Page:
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Menopausal hormone therapy in women with hysterectomy lowers breast cancer incidence: JAMA
USA: The prior use of conjugated equine estrogen (CEE) alone in women having a previous hysterectomy, lowered the incidence and mortality of breast cancer, according to a recent study in the journal JAMA. Further, prior use of CEE+medroxyprogesterone acetate (MPA) versus placebo in women having an intact uterus increased the incidence of breast cancer but did not have any significant...
USA: The prior use of conjugated equine estrogen (CEE) alone in women having a previous hysterectomy, lowered the incidence and mortality of breast cancer, according to a recent study in the journal JAMA. Further, prior use of CEE+medroxyprogesterone acetate (MPA) versus placebo in women having an intact uterus increased the incidence of breast cancer but did not have any significant difference in breast cancer mortality.
The association between menopausal hormone therapy and breast cancer remains unclear with discordant findings from randomized controlled trials and observational studies. Rowan T. Chlebowski, Lundquist Institute for Biomedical Innovation at Harbor-UCLA Medical Center, Torrance, California, and colleagues assessed the association of prior randomized use of estrogen plus progestin or prior randomized use of estrogen alone with breast cancer incidence and mortality in the Women's Health Initiative clinical trials.
The researchers conducted a long-term follow-up of 2 placebo-controlled randomized clinical trials involving 27 347 postmenopausal women aged 50-79 years. The women had no prior breast cancer and a negative baseline screening mammogram. Women were enrolled at 40 US centers from 1993 to 1998 with follow-up through December 31, 2017.
In the trial involving 16 608 women with a uterus, 8506 were randomized to receive 0.625 mg/d of CEE plus 2.5 mg/d of MPA and 8102, placebo. In the trial involving 10 739 women with prior hysterectomy, 5310 were randomized to receive 0.625 mg/d of CEE alone and 5429, placebo. The CEE-plus-MPA trial was stopped in 2002 after 5.6 years' median intervention duration, and the CEE-only trial was stopped in 2004 after 7.2 years' median intervention duration.
The primary outcome was breast cancer incidence (protocol prespecified primary monitoring outcome for harm) and secondary outcomes were deaths from breast cancer and deaths after breast cancer.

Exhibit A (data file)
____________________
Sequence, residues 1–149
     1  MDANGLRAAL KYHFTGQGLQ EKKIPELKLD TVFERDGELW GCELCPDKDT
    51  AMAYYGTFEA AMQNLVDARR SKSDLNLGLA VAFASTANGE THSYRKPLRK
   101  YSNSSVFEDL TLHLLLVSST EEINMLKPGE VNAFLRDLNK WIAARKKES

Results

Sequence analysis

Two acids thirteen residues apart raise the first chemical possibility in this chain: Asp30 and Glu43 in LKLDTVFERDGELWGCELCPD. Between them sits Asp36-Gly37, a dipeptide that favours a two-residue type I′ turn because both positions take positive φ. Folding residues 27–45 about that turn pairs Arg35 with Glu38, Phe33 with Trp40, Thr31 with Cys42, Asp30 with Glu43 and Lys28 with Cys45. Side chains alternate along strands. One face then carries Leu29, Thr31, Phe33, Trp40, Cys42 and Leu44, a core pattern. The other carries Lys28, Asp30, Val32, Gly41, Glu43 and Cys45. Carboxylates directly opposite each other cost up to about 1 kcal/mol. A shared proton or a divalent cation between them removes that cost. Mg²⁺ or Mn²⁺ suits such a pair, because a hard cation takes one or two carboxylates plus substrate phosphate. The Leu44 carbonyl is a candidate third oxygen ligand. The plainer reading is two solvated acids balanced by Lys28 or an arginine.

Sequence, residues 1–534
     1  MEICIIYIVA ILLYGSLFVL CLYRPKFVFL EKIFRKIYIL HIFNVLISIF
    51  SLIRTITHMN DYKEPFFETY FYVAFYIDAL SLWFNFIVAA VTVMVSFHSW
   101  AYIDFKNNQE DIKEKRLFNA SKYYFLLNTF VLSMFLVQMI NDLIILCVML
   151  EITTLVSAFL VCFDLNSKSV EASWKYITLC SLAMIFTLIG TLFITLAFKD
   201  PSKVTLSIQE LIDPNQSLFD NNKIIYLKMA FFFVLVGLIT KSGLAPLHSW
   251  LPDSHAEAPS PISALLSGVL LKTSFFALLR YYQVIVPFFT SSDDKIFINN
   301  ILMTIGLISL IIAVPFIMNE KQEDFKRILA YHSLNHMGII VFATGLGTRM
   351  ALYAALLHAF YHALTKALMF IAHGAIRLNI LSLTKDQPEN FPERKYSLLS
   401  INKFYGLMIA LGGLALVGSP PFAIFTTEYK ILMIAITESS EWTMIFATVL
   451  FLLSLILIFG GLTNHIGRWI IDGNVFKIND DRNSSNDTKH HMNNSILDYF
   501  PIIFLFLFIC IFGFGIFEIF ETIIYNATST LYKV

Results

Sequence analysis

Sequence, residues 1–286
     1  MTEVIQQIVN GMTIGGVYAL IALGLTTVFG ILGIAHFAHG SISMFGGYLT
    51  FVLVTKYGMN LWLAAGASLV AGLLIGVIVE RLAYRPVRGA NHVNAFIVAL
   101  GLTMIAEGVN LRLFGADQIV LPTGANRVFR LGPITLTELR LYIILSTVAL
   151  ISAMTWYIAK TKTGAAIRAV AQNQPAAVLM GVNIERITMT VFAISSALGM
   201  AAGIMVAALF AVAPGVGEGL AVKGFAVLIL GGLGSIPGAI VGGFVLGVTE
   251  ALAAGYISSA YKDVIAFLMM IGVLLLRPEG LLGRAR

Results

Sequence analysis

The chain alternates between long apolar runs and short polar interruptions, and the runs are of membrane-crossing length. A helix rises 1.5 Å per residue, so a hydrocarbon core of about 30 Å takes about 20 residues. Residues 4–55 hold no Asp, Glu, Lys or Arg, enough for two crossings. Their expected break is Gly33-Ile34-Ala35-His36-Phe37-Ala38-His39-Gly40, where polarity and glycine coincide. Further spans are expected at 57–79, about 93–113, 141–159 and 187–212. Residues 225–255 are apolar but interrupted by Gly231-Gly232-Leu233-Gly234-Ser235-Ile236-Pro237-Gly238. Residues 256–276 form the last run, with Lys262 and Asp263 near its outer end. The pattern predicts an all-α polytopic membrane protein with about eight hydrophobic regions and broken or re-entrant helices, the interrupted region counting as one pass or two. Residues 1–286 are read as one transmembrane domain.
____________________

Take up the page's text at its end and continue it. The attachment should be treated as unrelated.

Key findings of the study include:
- Among 27 347 postmenopausal women who were randomized in both trials (baseline mean [SD] age, 63.4 years [7.2 years]), after more than 20 years of median cumulative follow-up, mortality information was available for more than 98%.
- CEE alone compared with placebo among 10 739 women with a prior hysterectomy was associated with statistically significantly lower breast cancer incidence with 238 cases (annualized rate, 0.30%) vs 296 cases (annualized rate, 0.37%; hazard ratio [HR], 0.78) and was associated with statistically significantly lower breast cancer mortality with 30 deaths (annualized mortality rate, 0.031%) vs 46 deaths (annualized mortality rate, 0.046%; HR, 0.60).
- In contrast, CEE plus MPA compared with placebo among 16 608 women with a uterus was associated with statistically significantly higher breast cancer incidence with 584 cases (annualized rate, 0.45%) vs 447 cases (annualized rate, 0.36%; HR, 1.28) and no significant difference in breast cancer mortality with 71 deaths (annualized mortality rate, 0.045%) vs 53 deaths (annualized mortality rate, 0.035%; HR, 1.35).
"In this long-term follow-up study of 2 randomized trials, prior randomized use of CEE alone, compared with placebo, among women who had a previous hysterectomy, was significantly associated with lower breast cancer incidence and lower breast cancer mortality, whereas prior randomized use of CEE plus MPA, compared with placebo, among women who had an intact uterus, was significantly associated with a higher breast cancer incidence but no significant difference in breast cancer mortality," concluded the authors.
The study, "Association of Menopausal Hormone Therapy With Breast Cancer Incidence and Mortality During Long-term Follow-up of the Women's Health Initiative Randomized Clinical Trials," is published in the journal JAMA.
Medha Baranwal joined Medical Dialogues as an Editor in 2018 for Speciality Medical Dialogues. She covers several medical specialties including Cardiac Sciences, Dentistry, Diabetes and Endo, Diagnostics, ENT, Gastroenterology, Neurosciences, and Radiology. She has completed her Bachelors in Biomedical Sciences from DU and then pursued Masters in Biotechnology from Amity University. She has a working experience of 5 years in the field of medical research writing, scientific writing, content writing, and content management. She can be contacted at email@example.com. Contact no. 011-43720751